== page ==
Among these 19 cases, there was initial interobserver disagreement for 14 cases (74%). There were three specific reasons for initial disagreement. In two cases, a reviewer overlooked a key piece of the data in the record, and once this was pointed out he changed his opinion. More often, the differences were due to diagnostic uncertainty.

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Antibiotic Timing and Diagnostic Uncertainty in Medicare Patients With Pneumonia: Results

The report of pneumonia, infiltrates, consolidation, opacity, or a similar synonym was accepted as representing pneumonia unless the conclusion made no mention of pneumonia and contained an alternate diagnosis. Summary statistics and univariate tests of association were performed. The x2 test was used for categoric variables, and the Student t test was used for continuous variables. Statistical significance was accepted at p = 0.05. Analyses were conducted using a statistical software package (SAS, version 8.0; SAS Institute; Cary, NC). As a component of the Centers for Medicare & Medicaid Services quality-improvement activities, this study was exempt from institutional review board approval.
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Antibiotic Timing and Diagnostic Uncertainty in Medicare Patients With Pneumonia: Methods

Antibiotic Timing and Diagnostic Uncertainty in Medicare Patients With Pneumonia: MethodsEach chart was reviewed independently by the reviewers, who were asked one key question, as follows: was there a potential reason for a delay of antibiotic administration other than quality of care? It was anticipated that such cases in which the answer was “yes” would generally be due to diagnostic uncertainty such that the diagnosis of pneumonia would likely not have been made soon enough to deliver antibiotics within 4 h. Inherent in this designation was acceptance of the premise that in the absence of diagnostic uncertainty or an unusual patient-related circumstance that prevented the timely delivery of antibiotics, a delay in antibiotic treatment represented a lapse in quality. canadian neighbor pharmacy online

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Antibiotic Timing and Diagnostic Uncertainty in Medicare Patients With Pneumonia: Materials

Randomly selected charts of Medicare patients with a hospital discharge diagnosis of pneumonia fulfilling the criteria for inclusion in Medicare pneumonia reporting were made available to the investigators. The criteria for inclusion in the Medicare reporting have been described in detail previously. A key inclusion criterion for the antibiotic timing measure was that pneumonia had to be among the diagnoses being considered at the time of hospital admission. A confirmatory chest radiograph was not required. Patients with documented antibiotic treatment within 24 h prior to presentation were excluded. A sample size of 80 to 100 patients was planned, due to investigator time and resource constraints, as this was an unfunded study. With this sample size, an analysis prior to commencing the study revealed an acceptable predicted 95% confidence interval based on an anticipated prevalence of diagnostic uncertainty of at least 15%. read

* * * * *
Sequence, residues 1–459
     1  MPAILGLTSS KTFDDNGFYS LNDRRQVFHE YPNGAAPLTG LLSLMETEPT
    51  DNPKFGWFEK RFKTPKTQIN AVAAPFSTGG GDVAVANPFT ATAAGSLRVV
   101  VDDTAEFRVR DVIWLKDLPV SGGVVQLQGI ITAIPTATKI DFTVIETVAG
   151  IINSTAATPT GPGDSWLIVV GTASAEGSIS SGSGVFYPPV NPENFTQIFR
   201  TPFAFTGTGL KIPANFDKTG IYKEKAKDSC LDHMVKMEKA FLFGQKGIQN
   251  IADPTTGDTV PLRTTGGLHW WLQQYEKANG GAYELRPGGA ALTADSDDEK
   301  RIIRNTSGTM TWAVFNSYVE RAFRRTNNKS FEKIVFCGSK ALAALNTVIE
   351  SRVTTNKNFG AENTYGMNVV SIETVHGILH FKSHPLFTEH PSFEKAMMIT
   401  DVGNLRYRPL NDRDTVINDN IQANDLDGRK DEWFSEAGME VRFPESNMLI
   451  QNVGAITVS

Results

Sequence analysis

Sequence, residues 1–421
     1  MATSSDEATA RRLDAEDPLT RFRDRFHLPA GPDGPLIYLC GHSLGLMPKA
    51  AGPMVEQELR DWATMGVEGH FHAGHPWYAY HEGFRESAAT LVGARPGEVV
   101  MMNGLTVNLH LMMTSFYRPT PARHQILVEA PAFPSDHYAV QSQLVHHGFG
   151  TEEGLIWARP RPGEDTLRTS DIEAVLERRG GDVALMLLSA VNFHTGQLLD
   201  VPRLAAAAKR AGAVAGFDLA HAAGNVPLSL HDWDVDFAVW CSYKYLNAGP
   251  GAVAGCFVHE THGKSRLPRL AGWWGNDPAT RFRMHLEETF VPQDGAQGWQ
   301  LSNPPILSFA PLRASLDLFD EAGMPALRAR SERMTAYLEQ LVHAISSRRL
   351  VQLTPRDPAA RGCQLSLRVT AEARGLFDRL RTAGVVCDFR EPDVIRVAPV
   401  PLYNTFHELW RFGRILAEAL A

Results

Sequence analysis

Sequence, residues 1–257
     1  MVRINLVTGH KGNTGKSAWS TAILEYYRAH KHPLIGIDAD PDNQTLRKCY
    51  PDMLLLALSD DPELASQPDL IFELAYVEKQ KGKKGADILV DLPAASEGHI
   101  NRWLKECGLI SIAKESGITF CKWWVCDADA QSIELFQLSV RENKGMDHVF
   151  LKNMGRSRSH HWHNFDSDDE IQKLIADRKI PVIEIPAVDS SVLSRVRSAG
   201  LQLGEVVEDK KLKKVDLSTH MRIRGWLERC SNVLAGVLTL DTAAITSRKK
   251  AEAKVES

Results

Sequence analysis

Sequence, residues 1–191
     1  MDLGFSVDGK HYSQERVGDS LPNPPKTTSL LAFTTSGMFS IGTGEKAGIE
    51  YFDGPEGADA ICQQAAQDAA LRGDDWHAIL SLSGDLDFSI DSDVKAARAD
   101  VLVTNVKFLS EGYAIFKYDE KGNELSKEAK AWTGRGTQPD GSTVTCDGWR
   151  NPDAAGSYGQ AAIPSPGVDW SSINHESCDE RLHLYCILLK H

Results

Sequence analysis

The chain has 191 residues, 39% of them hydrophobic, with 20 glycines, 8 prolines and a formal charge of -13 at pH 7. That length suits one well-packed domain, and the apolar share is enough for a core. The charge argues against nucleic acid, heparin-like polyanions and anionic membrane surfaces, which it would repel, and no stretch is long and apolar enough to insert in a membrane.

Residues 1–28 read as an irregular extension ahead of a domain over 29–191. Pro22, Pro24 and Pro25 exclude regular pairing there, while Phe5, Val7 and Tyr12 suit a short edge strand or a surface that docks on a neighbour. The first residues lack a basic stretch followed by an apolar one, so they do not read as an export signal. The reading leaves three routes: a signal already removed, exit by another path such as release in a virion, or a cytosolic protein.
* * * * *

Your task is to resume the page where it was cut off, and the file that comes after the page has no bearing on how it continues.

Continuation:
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Antibiotic Timing and Diagnostic Uncertainty in Medicare Patients With Pneumonia

Antibiotic Timing and Diagnostic Uncertainty in Medicare Patients With PneumoniaThe Centers for Medicare & Medicaid Services conducts a multipronged program to encourage improvements in quality of care for Medicare beneficiaries. The timing of antibiotic therapy for patients who have been admitted to the hospital with pneumonia has been an audited performance measure for pneumonia for many years, as reports have demonstrated improved outcomes among patients who received antibiotics within 4 h of presentation. With the recent trend of using this and other performance measures as the basis for public reporting and pay-for-performance programs, there is increasing pressure for hospitals and physicians to drive their performance rates as high as possible. The only way to ensure not being outperformed by another institution in the competition for reimbursement (in many pay-for-performance programs) or for patients (in the case of publicly reported quality measures) is to achieve 100% adherence. there

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Delayed Administration of Antibiotics and Atypical Presentation in Community-Acquired Pneumonia: Conclusion

Delayed Administration of Antibiotics and Atypical Presentation in Community-Acquired Pneumonia: ConclusionIf TFAD is used as a quality-of-care marker, it cannot be compared across institutions without good information on the proportion of patients who present with an altered mental state or an otherwise atypical presentation. Although captured by the PSI, this information is lost when only the total score is factored into the analysis.
The Medicare database studies were also limited by the fact that data were collected retrospectively and that key data points were not always available. As our study was prospective and patients were seen by an investigator within 24 h of presentation, we can be much more confident of the diagnosis of pneumonia and the relevant features of the clinical presentation. This may be particularly pertinent with respect to the recognition and documentation of an altered mental state in elderly patients. further